Those Greeks in Jerusalem during the festival were surely only some of the first to offer this inquiry, and even our last hymn picked up on this request to offer it as a prayer for our own time and place. Nowadays, I get the sense that people are asking that question again of us, and far too often we too leave them wanting a glimpse of Jesus when we too talk about other things instead. In a world where death and destruction lurk around nearly every corner, where news reports focus primarily if not exclusively on the bad things that are happening around us, where peace seems far off on our best days and a total pipe dream on our worst, people want to see Jesus bringing us hope amidst all this despair. In a world where expectations of family stand strong yet people still so often feel so very alone, where love is either defined so broadly that it loses its meaning or so narrowly that it isn’t open to everyone, where relationships are so difficult to build and so easy to destroy, people want to see Jesus connecting us to one another as sisters and brothers in the family of God. And in a world where we can listen to so-called authorities on one subject or another drone on for hours and hours without really saying anything new, where we so often assume that the problems of our world can be fixed most easily by greater personal freedom, where justice for all takes a back seat to personal fulfillment, people want to see Jesus working to bring real change for all to our broken and fearful world.

“We want to see Jesus.”

So what would they see if those Greeks, those seekers of our own time, or even the disciples came here to see him? Would they see a dying institution gasping in its final breaths, or would they see a vibrant and hopeful group of people who are trying to show Jesus to the world beginning on one little corner of 149th Street and 15th Drive? Would they see a small congregation longing and begging for more people to do work, or would they see a community of people who themselves are longing to see Jesus and looking for ways to show his presence to others? Would they see a few dozen “frozen chosen” dead-set on their own path, or would they see a faithful group who are joining Jesus on his journey to the cross?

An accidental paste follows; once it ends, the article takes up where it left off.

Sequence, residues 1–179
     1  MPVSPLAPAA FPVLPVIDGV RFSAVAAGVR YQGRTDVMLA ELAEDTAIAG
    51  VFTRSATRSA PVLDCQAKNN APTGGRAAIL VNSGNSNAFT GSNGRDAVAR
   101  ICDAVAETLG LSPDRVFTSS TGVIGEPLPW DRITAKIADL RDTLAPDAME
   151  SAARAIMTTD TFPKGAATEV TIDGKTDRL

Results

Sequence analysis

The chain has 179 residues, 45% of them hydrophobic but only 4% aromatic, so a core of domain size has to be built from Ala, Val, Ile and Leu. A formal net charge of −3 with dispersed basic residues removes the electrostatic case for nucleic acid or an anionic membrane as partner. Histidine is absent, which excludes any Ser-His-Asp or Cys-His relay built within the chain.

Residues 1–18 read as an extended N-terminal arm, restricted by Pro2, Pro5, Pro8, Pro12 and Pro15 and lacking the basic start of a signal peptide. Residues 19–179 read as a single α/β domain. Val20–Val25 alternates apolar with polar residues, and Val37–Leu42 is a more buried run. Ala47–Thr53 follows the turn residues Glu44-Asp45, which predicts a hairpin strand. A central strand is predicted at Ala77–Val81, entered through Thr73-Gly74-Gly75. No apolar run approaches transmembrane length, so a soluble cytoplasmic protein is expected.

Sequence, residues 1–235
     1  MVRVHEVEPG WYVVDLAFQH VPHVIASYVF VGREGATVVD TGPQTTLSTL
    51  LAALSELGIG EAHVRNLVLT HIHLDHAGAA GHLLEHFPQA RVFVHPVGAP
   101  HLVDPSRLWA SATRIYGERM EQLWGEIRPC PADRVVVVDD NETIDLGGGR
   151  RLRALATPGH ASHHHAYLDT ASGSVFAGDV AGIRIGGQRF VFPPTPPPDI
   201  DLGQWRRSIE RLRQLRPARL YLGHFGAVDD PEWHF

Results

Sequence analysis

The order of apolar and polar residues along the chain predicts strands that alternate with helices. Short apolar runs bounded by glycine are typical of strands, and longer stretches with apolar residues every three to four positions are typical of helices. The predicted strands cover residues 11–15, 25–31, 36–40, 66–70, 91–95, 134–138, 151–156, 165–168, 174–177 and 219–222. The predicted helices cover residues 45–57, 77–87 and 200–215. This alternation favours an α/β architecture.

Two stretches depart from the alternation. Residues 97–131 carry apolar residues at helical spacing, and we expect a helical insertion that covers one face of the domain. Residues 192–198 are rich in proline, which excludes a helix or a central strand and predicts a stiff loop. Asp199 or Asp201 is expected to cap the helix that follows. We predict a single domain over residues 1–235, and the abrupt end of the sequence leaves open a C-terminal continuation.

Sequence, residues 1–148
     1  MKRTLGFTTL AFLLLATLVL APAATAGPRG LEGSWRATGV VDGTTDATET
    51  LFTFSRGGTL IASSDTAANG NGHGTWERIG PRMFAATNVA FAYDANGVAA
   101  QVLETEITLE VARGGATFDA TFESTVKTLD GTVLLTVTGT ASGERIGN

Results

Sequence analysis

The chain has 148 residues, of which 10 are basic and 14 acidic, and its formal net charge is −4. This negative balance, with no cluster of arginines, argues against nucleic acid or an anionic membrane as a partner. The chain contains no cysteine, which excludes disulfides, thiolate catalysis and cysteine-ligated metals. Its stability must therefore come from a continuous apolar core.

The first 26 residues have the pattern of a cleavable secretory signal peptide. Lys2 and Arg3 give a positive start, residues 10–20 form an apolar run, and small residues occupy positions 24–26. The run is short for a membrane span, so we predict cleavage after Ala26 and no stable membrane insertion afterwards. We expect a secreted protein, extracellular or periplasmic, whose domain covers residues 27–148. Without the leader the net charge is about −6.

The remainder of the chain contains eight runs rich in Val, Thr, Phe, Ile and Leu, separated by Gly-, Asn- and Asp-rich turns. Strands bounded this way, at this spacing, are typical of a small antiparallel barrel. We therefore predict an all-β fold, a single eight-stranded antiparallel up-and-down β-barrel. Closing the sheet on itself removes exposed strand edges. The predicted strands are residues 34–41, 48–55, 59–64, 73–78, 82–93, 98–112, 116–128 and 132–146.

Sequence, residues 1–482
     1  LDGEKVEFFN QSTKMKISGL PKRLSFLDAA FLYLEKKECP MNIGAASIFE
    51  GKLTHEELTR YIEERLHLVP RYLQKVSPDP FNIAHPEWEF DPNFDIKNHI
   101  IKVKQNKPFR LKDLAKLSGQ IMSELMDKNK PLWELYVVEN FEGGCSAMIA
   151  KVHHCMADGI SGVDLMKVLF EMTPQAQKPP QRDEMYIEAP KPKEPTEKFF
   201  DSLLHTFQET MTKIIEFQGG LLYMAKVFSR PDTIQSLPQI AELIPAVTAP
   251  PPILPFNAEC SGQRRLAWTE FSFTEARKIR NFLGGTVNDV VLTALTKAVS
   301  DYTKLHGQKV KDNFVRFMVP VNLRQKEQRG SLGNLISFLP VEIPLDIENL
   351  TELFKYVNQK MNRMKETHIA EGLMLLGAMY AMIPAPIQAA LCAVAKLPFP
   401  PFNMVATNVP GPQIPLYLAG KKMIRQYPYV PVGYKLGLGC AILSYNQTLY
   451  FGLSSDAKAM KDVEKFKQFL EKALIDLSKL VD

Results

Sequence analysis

“We want to see Jesus.”

Ultimately, as much as we know that others are asking this question, we too are seeking him out in our own lives. Last month, as part of our youth gathering, we each decorated a cutout figure of Jesus like this one to carry with us into the world. We’ve spent the last month looking for Jesus in the strange and wonderful and challenging and even dark moments of our lives, and I for one am looking forward to the pictures of all the places that we’ve seen Jesus in our lives over the last month that we will share later today. It has been an incredible exercise for me at least to encounter Jesus in the everyday when I have least expected it, maybe in the surprise call from an old friend, in the unusual beauty of one last winter morning even amidst the first full day of spring yesterday, or even in the simple space of a deep breath amidst a difficult moment of life.

“We want to see Jesus.”

May we go into these final Lenten days with that request on our lips and our hearts, offering an encounter with Jesus to all those who come our way as we too carry this deep and beautiful desire to see Jesus with us until we see him face to face as all things are made new. Lord, come quickly! Amen.